- The Washington Times - Saturday, March 31, 2001

It occurs to me that if an English-speaking Martian were to visit our nation for a short while, he might reasonably conclude that Hillary Clinton and John McCain were engaging in a bipartisan contest to become President Bushs chief nemesis and general thorn in the side.

At the risk of irritating some McCainiacs and liberals, I should point out that a couple of other things the two senatorial irritants have in common are that they both aspire to the presidency and neither has a very realistic prospect of attaining it.

Don´t get me wrong; I don´t underestimate Hillary or her capacity for self-advancement. But I just happen to believe that when she occupies various roles of power, as opposed to that of a victimized spouse, she makes herself transparently and abundantly unlikable. It happened with her health-care scheme and will probably happen for the next six years as New York´s senior Junior Senator. She is an irrepressible ideologue whose liberalism is unpalatable to the electorate at large.

Hillary is already stumping as if she were minority leader of the Senate, and George Bush is in her opportunistic sights. Last week Hillary blasted Mr. Bush for proposing cuts in children´s health programs to help finance his $1.6 trillion tax cut. She called the "cuts" unacceptable. Never mind that Mr. Bush´s recommended reductions in the rate of increase on spending for these items are not cuts. Also never mind that Mr. Bush is actually recommending real increases in education spending, Medicare and for the National Institutes of Health.

The more important point, though, is that Hillary doesn´t bother to explain how she and her cohorts can criticize Mr. Bush for fiscal irresponsibility when they refuse to restrain their own limitless governmental spending. But the facts don´t matter; grandstanding is what is important, especially when you are aiming for the White House.

Hillary stepped up her attacks on Mr. Bush over the weekend. In pure Clinton-speak, she charged that he was trying "to turn back the clock 50 or 60 years." Mr. Bush doesn´t just want to turn the clock back on the sainted Clinton administration, Hillary complained, but "back on the Roosevelt administration." (If I were Mr. Bush, I would take that as a compliment, even though that´s not the spirit in which Hillary delivered it.)

Hillary castigated Mr. Bush for his "flip-flop" on his campaign pledge to reduce carbon-dioxide emissions and for blocking oppressive ergonomic standards forced through by Mr. Clinton in his final days. I say kudos to Mr. Bush for both, even if the first involved a change of mind since the campaign. At least when this Mr. Bush changes his mind, it is in a more conservative direction; and trust me, he will never get in much trouble that way.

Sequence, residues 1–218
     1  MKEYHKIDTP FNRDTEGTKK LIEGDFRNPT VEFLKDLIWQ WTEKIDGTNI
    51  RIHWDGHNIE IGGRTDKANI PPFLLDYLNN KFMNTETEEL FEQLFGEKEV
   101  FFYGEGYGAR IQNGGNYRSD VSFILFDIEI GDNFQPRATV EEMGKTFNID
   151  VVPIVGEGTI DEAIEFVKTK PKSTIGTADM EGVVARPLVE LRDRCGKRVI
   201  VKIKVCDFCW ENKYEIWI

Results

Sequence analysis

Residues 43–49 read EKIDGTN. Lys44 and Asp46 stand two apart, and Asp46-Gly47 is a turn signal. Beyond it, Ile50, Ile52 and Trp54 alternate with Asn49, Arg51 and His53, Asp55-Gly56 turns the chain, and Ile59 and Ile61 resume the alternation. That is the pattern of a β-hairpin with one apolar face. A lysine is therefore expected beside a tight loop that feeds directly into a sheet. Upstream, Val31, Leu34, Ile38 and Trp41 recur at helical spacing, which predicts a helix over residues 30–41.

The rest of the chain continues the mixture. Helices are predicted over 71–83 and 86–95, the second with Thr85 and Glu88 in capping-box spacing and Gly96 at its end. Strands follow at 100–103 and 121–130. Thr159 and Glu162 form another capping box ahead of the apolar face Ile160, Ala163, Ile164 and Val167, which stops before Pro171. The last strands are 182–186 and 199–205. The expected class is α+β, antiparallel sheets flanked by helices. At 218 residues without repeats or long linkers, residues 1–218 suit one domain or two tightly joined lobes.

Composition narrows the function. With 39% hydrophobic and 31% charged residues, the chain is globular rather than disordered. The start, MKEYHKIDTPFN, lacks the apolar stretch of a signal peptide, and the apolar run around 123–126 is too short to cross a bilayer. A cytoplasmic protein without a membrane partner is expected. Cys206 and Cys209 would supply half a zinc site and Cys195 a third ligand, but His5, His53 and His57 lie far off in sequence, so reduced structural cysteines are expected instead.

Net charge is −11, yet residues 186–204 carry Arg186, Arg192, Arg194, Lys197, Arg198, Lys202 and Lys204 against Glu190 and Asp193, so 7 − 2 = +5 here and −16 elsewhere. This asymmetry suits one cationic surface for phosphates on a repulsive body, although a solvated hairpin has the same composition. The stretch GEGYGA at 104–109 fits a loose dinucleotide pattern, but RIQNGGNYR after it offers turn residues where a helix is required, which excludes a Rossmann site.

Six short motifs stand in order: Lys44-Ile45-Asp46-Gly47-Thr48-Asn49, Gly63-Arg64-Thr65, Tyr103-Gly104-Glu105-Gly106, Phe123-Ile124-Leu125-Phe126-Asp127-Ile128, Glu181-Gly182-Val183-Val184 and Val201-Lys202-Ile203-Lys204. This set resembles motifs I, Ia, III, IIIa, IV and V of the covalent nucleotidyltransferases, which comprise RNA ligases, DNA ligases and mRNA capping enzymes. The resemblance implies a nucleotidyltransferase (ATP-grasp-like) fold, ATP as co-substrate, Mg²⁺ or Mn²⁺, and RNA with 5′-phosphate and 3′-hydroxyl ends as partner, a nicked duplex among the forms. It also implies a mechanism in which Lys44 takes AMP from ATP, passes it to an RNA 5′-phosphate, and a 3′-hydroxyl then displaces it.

These two incidents of Hillary assuming center stage to attack Mr. Bush are just a foreshadowing of what we can expect over the coming months and years. She is on a mission; a mission that has been in the offing for years and is just now coming into full bloom.

Sen. McCain, Arizona Republican, is flanking Mr. Bush from the other side of the aisle, but no less effectively and systematically. While Mr. Bush is trying to get his tax package through, Mr. McCain is obsessing (and trying to force every other senator to obsess) on campaign-finance "reform." Putting aside the fact that McCain-Feingold is flagrantly unconstitutional and political suicide for Mr. McCain´s fellow Republicans, it is not an urgent matter like the tax-cut package, unless you define urgency as Mr. McCain´s desire to steal the limelight from Mr. Bush.

Beyond his pet issue, Mr. McCain is undermining Mr. Bush´s agenda in other areas as well, all while professing to be his good friend. Whether or not Mr. McCain ends up running for the presidency in 2004, he is otherwise doing his best to reduce Mr. Bush´s chances at re-election. McCain has criticized Mr. Bush´s tax package as too large, and he is at odds with the administration on gun control and legislation concerning a patients´ bill of rights.

Hillary and the Democrats are trying to steal Mr. Bush´s momentum, and Mr. McCain and other liberal Republican senators are providing an assist. While Mr. Bush is being attacked from all sides, it is important that conservatives stick with him, lest his entire agenda be diluted beyond recognition.

Meanwhile Mr. Bush remains focused and is not allowing those without a mandate (Democrats or Mr. McCain) to divert his attention from his agenda. Though Mr. Bush faces many obstacles, he is developing a lasting relationship with his conservative base. That is exactly as it ought to be. Hang in there, Dubya.


David Limbaugh is a nationally syndicated columnist.

David Limbaugh is a nationally syndicated columnist.


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